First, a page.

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The British National Space Centre and the Department for Education and Skills have joined forces to bring real-life space science into the classroom.

The BNSC has worked with teachers to develop lesson plans that draw on the science and technology of the Cassini-Huygens mission. The resources, which are available from the BNSC's website include investigations into the composition of Saturn's rings, the density of the moons and so on.

The BNSC and the DfES launched the programme yesterday with a sample lesson for students at Sacred Heart RC School in Camberwell, South London. The lesson examined how understanding of the density of the atmosphere on Titan affects the chances of a successful landing by the Huygens probe.

Former education secretary Charles Clarke was due to attend the launch, but was excused from class as he had to go and be home secretary instead.

Lord Sainsbury, minister for science and innovation, said: "The Cassini-Huygens mission is the kind of experiment that demonstrates the excitement of modern science. The children are fascinated by the fact that it took seven years to get to Saturn, and that the whole mission could be over in two and a half hours."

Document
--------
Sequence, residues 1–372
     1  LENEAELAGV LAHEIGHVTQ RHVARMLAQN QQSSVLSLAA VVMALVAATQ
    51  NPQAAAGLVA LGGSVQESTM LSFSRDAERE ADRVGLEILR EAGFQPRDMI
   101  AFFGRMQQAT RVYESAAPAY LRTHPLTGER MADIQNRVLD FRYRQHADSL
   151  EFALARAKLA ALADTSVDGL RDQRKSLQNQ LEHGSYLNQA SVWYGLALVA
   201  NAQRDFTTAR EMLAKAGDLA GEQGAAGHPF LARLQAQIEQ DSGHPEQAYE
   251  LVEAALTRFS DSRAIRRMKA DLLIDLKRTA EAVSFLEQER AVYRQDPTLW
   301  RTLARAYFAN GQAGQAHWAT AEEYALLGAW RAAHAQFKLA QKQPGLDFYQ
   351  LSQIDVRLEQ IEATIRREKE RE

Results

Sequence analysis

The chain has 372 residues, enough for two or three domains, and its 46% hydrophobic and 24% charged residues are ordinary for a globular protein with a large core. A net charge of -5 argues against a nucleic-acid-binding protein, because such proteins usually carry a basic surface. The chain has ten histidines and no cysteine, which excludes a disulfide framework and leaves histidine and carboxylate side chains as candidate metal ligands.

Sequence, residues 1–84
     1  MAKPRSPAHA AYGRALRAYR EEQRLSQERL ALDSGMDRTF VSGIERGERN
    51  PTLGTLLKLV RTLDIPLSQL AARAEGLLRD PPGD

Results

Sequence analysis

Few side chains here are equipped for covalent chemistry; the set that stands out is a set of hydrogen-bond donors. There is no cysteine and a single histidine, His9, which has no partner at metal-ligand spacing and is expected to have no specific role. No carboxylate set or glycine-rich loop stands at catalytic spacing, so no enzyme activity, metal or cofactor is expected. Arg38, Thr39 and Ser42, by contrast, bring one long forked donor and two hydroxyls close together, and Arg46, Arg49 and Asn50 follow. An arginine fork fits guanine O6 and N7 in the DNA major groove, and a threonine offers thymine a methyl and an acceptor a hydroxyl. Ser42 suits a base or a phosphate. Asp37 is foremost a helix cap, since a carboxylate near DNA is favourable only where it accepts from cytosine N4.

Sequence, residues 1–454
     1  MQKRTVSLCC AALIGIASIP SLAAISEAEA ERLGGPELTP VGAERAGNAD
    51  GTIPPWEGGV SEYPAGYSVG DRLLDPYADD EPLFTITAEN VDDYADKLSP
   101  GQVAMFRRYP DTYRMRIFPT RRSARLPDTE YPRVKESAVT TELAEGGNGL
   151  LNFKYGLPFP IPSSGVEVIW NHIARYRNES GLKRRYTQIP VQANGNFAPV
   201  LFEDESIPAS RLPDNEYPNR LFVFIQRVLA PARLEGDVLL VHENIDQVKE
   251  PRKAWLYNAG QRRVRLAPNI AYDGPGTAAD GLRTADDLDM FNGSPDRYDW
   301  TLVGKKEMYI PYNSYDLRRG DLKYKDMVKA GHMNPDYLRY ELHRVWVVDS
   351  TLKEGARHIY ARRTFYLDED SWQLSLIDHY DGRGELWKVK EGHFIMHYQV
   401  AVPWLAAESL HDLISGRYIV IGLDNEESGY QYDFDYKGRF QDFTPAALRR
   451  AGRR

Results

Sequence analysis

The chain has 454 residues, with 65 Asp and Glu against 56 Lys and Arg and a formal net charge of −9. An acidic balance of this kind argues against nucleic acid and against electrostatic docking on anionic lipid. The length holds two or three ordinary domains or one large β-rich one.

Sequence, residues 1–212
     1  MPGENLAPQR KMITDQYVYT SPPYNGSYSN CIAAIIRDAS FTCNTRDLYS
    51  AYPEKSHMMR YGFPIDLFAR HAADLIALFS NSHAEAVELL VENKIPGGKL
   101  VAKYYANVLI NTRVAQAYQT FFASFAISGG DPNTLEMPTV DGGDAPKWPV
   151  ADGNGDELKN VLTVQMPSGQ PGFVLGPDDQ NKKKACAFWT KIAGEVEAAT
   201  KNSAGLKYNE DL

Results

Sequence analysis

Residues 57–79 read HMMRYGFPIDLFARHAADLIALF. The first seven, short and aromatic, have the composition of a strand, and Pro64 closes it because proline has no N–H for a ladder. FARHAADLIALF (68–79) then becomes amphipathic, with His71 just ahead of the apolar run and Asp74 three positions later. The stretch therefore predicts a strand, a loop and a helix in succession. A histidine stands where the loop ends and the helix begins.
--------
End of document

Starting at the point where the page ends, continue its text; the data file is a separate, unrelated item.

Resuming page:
Ajay Desai, science teacher at Sacred Heart, told The Register: "It is nice to teach science that is actually up to date. Making physics interesting and contemporary is great."

Jo Besford, a physics teacher from a school in Harrow, who set up some of the lesson plans for the programme, was also impressed with the resources. "Space is the one thing that excites them," she said of her students. "This is about making science more than an academic experience: hopefully it will motivate them to follow the story in their own time."

She hopesthe scheme will make the students see space science as a possible career.

The resources are aimed at children between 11 and 16, and are tailored to fit with the goals and targets prescribed by the National Curriculum. ®

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